Amazon launches $5-a-month prescription drug program as it dives deeper into healthcare


Amazon on Tuesday announced a new prescription drug program offering subscribers as many drugs as they need for one flat price, the online retailer’s latest salvo in its bid to lure customers away from pharmacies as big players in technology are pushing further into the healthcare sector.


RxPass will allow US Prime members to fill as many prescriptions as they need from a list of more than 50 generic drugs and have them delivered for free, the online retailer announced.

The service will cost $5 per month on top of a Prime subscription, which currently sits at $14.99 per month or $139 per year excluding sales tax and discounts for students and government aid recipients.

Amazon said the service will cover drugs used to treat more than 80 common conditions such as high blood pressure, anxiety and acid reflux.

The list of medications covered includes the antibiotics amoxicillin and doxycycline, the antifungal nystatin, the antihypertensive losartan, and the anti-inflammatory naproxen.

It also includes a series of generic drugs used to treat mental health conditions such as bipolar disorder, schizophrenia, depression and anxiety, including the antidepressants sertraline, venlafaxine, escitalopram and bupropion (sold under the brand names respectively Zoloft, Effexor, Lexapro and Wellbutrin) and the antipsychotics quetiapine and risperidone (sold under the brand names Seroquel and Risperdal).

The erectile dysfunction remedy sildenafil, widely known by the brand name Viagra and also used to treat a form of high blood pressure, was also on the list, as was finasteride (sold under the brand name Propecia) and dutasteride, drugs mainly used to treat enlarged prostates which are also prescribed to fight hair loss in men (the FDA has not authorized dutasteride for this purpose but it is prescribed off-label).

Key Context

Amazon has fierce ambitions in healthcare and has invested heavily in the sector to make it a reality. The e-commerce giant announced itself as a competitor to brick-and-mortar pharmacies like Walgreens, CVS and Rite Aid when it launched its own online pharmacy in 2020. The company is also expanding into other health areas, including telehealth, mental health. and primary care and is working on a nearly $4 billion deal to acquire healthcare provider One Medical. Amazon isn’t the only tech giant jumping into the healthcare space. Microsoft, Google parent Alphabet, and Apple all have bold visions for healthcare and have spent billions to realize them.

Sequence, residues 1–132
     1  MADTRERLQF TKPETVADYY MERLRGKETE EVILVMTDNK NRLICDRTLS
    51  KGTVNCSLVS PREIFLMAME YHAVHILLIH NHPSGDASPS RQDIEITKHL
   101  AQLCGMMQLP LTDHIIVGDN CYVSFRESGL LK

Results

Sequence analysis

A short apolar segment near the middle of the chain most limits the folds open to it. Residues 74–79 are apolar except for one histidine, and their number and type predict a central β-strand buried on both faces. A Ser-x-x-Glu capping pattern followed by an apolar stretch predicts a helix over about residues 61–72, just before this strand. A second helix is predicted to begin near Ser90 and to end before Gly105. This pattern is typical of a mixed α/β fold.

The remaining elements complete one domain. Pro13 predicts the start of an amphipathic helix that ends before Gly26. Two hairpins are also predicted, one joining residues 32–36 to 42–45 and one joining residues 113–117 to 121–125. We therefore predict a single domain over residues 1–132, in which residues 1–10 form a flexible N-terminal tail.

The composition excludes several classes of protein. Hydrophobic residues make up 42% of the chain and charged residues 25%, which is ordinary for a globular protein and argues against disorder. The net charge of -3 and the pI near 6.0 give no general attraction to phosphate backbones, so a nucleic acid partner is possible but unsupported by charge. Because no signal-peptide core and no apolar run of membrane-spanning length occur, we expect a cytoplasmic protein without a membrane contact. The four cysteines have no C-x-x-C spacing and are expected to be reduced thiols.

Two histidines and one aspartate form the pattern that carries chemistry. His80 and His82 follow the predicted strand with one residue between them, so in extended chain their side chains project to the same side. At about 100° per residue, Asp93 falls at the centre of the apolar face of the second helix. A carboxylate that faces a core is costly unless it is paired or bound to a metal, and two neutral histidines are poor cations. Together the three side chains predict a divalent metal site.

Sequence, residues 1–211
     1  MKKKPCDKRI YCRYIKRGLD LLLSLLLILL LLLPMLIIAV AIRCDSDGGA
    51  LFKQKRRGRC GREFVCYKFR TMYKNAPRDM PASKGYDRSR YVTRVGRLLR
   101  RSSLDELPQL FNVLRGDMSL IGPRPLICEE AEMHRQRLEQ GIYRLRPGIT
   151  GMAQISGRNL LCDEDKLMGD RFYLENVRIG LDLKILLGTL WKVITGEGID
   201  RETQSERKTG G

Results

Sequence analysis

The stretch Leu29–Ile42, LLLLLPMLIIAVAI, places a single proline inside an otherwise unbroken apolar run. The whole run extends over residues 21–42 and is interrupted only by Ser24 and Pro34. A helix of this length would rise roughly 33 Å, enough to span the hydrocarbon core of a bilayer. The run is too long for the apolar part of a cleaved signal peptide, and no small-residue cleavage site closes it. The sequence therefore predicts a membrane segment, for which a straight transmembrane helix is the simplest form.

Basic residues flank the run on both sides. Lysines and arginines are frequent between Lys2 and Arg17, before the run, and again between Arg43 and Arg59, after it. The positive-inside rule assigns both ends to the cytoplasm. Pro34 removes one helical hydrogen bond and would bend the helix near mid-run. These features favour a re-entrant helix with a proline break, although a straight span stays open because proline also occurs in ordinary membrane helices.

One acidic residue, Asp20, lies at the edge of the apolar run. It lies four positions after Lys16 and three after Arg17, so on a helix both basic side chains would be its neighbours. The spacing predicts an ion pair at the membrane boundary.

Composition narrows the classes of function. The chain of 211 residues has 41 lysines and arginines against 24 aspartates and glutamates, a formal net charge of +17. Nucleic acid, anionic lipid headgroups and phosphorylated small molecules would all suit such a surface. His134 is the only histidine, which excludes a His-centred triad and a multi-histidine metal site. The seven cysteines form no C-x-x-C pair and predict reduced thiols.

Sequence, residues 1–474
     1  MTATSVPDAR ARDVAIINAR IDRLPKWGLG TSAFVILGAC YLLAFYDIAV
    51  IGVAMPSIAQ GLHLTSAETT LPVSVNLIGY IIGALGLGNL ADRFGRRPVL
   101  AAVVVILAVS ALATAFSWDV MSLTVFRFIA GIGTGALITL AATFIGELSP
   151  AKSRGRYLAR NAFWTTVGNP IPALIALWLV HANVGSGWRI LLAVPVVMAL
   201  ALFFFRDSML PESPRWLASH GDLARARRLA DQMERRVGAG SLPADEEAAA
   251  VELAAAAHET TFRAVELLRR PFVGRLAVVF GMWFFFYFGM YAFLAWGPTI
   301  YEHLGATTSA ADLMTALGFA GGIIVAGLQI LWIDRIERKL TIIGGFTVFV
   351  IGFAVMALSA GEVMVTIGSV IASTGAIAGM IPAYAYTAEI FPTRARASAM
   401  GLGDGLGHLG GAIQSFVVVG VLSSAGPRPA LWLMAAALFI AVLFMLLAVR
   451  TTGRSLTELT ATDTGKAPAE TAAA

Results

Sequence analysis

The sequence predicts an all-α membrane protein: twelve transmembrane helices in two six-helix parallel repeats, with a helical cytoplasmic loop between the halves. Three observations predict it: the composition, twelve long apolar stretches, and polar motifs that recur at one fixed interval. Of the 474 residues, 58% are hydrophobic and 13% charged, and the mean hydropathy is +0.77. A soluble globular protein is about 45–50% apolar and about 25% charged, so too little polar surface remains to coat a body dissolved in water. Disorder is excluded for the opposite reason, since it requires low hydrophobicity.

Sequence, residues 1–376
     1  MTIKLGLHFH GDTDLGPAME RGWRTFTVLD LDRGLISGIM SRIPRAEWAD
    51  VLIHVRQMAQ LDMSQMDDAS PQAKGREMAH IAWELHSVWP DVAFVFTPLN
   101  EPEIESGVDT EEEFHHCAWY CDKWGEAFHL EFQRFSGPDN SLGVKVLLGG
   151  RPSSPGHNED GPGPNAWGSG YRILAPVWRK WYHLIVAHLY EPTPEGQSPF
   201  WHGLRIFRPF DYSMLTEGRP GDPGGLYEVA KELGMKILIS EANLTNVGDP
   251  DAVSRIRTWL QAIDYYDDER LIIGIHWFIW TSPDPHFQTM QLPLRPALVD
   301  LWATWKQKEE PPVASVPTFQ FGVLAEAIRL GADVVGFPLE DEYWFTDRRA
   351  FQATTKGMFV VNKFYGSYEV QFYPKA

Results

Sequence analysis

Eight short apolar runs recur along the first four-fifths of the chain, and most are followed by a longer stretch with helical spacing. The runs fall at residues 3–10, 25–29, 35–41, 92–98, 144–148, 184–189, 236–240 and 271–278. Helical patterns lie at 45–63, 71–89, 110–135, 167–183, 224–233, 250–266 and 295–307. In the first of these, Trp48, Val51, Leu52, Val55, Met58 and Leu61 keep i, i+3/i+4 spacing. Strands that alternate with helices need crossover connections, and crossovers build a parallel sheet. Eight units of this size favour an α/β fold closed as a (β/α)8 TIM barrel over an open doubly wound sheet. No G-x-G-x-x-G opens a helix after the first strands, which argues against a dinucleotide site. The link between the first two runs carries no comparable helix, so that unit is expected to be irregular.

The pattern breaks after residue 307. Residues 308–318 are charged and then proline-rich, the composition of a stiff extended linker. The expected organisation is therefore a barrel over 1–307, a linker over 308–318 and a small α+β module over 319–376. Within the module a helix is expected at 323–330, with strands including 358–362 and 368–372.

Amazon says it wants to help Americans save time and money and stay healthy, and the retailer is working to retain Prime customers after raising prices last year. The move may not help it expand its Prime user base, as Amazon already sells a wide range of generic drugs through its online pharmacy. Some listed under the program, such as folic acid to treat anemia or blood clotting, biotin to treat skin conditions, and glipizide to treat diabetes, cost $2 or less for a 30-day supply. . Nor is Amazon the only company capitalizing on cheaper generic drugs. The company faces competition from companies like Mark Cuban’s Cost Plus Drug Company, which sells a wider range of generic drugs without needing to subscribe to a broader service.

Large number

150 million. This is the number of Americans estimated by Amazon who take one or more of the drugs available through its RxPass program.

The full list

Amazon has listed the following drugs as falling under the RxPass program.

  • Allopurinol
  • Amlodipine
  • Amoxicillin
  • Atorvastatin
  • Azelastine
  • Benztropine
  • Biotin
  • Bupropion
  • Cephalexin
  • Cyclobenzaprine
  • Cyproheptadine
  • Donepezil
  • Doxazosin
  • Doxepin
  • Doxycycline
  • Dutasteride
  • Escitalopram
  • Estradiol
  • Finasteride
  • Fluticasone
  • Folic acid
  • Furosemide
  • Glipizide
  • Glyburide
  • Hyoscyamine
  • Lamotrigine
  • Lisinopril
  • Losartan
  • Methimazole
  • Mometasone
  • Naproxen
  • Nystatin
  • Omeprazole
  • Ondansetron
  • Oxybutynin
  • Phenytoin
  • Piroxicam
  • Pramipexole
  • Quetiapine
  • ramipril
  • Risperidone
  • Rizatriptan
  • Ropinirole
  • Rosuvastatin
  • Sertraline
  • Sildenafil
  • Simvastatin
  • sotalol
  • Tamoxifen citrate
  • Terazosin
  • Tizanidine
  • Venlafaxine
  • Vitamin B12

Further reading

Amazon’s Creep Into Health Care Scares Some Experts (Wired)

Tech companies are still figuring out their paths to healthcare (Verge)

Amazon’s healthcare ambitions sometimes clashed with medical best practices, nurses say (Washington Post)

Amazon launches $5-a-month prescription drug program as it dives deeper into healthcare

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